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A Cook County judge brought a police officer's manslaughter trial to an abrupt end on Monday, acquitting the officer of all charges. The acquittal means that the officer, Dante Servin, probably cannot be re-tried for the killing of Rekia Boyd. Servin had been the first Chicago officer to face a trial for a fatal shooting since 1997.
Essentially, Judge Dennis Porter the judge said the prosecution failed to prove Servin acted recklessly, and therefore could not be guilty as a matter of law. This ruling walks a legal fine line that has angered many who followed this case specifically, and the issue of police officers shootings generally.
There are quite a few issues at play here that have left both the public and trained attorneys scratching their heads. So let's see if we can separate them out and explain what the court was thinking.
In any homicide, prosecutors must decide the level of culpability of the accused, and the corresponding criminal charge. For instance, first degree murder applies to an unlawful killing that is intentional and premeditated. Meanwhile, involuntary manslaughter refers to a killing that is accidental, but the result of reckless or negligent actions.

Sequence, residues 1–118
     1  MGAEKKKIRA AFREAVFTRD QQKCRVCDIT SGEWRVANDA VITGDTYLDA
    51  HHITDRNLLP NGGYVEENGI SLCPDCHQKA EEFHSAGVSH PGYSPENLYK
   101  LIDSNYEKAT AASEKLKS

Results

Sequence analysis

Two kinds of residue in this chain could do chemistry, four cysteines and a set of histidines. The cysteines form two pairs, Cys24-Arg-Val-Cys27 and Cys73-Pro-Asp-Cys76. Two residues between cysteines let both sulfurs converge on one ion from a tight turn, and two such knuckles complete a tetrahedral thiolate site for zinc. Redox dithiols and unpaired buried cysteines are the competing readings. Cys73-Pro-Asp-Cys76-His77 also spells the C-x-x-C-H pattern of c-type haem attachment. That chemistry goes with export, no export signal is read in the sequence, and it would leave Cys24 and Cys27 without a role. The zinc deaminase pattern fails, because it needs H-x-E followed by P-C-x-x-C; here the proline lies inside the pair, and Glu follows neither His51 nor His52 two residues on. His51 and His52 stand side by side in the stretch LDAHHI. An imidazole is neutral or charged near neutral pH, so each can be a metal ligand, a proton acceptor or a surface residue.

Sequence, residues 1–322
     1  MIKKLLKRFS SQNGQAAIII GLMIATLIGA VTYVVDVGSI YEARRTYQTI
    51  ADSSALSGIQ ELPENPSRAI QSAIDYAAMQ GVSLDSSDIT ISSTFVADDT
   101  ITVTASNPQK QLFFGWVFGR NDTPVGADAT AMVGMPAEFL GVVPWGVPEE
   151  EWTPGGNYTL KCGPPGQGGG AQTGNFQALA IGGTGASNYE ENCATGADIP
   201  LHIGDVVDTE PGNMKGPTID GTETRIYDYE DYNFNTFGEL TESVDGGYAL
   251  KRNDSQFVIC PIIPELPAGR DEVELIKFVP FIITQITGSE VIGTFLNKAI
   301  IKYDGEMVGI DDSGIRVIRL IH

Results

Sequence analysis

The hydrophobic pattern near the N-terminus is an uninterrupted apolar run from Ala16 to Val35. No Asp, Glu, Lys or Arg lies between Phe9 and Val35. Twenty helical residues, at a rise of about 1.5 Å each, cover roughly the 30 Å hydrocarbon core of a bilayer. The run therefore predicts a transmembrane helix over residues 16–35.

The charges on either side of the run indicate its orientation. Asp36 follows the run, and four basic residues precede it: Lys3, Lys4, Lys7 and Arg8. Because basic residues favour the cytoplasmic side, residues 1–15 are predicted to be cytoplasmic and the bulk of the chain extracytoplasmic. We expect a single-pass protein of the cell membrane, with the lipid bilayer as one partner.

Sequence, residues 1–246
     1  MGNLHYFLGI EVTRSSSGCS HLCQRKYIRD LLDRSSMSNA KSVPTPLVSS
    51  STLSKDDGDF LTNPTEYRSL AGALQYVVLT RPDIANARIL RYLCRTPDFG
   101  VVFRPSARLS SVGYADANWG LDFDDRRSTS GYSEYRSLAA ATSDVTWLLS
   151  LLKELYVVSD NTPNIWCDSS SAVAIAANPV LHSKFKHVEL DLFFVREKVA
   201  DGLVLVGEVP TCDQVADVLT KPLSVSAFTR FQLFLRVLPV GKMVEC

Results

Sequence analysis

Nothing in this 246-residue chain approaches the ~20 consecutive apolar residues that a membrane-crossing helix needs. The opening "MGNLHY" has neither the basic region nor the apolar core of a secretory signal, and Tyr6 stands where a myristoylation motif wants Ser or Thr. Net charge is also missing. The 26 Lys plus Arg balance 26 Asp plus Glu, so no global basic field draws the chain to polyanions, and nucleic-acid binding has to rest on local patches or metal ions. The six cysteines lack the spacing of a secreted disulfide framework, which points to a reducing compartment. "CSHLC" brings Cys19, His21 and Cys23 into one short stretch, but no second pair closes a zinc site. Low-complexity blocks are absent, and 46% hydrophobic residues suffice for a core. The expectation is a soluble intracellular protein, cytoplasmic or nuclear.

In some cases, involuntary manslaughter is considered a lesser included offense to murder. This relationship can affect charging and plea bargaining. Often, prosecutors will offer the defendant a deal to avoid trial and possibly a harsher punishment by pleading guilty to the lesser offense. If a case does go to trial, prosecutors will sometimes charge a defendant with both crimes -- if the jury finds the defendant guilty of the lesser offense, but not guilty of the greater offense, the jury is permitted to consider a conviction on the lesser offense. These choices in charging and plea bargaining referred to as prosecutorial discretion.
In this case, prosecutors charged Servin with involuntary manslaughter, and were required to prove that he acted "recklessly." In dismissing the charge, Judge Porter said that Servin could not have been reckless, because the shooting was intentional:
Illinois courts have consistently held that when the defendant intends to fire a gun, points it in the general direction of his or intended victim, and shoots, such conduct is not merely reckless and does not warrant an involuntary-manslaughter instruction ... The act of intentionally firing a gun at some person or persons on the street is an act that is so dangerous it is beyond reckless; it is intentional, and the crime, if any there be, is first degree murder.
Because prosecutors failed to show Servin was reckless, the judge dismissed the involuntary manslaughter charge.
As many have pointed out, this was an odd and unexpected ruling, for a couple reasons. First, prosecutors often will undercharge tough cases, in the hopes that the lesser charge will be easier to prove. For example, prosecutors in this case may have thought proving that Servin intentionally killed Boyd, even without premeditation, would be too difficult, whereas proving Servin acted recklessly would be easier (especially since Servin claims he was firing at another person who was allegedly reaching for a gun).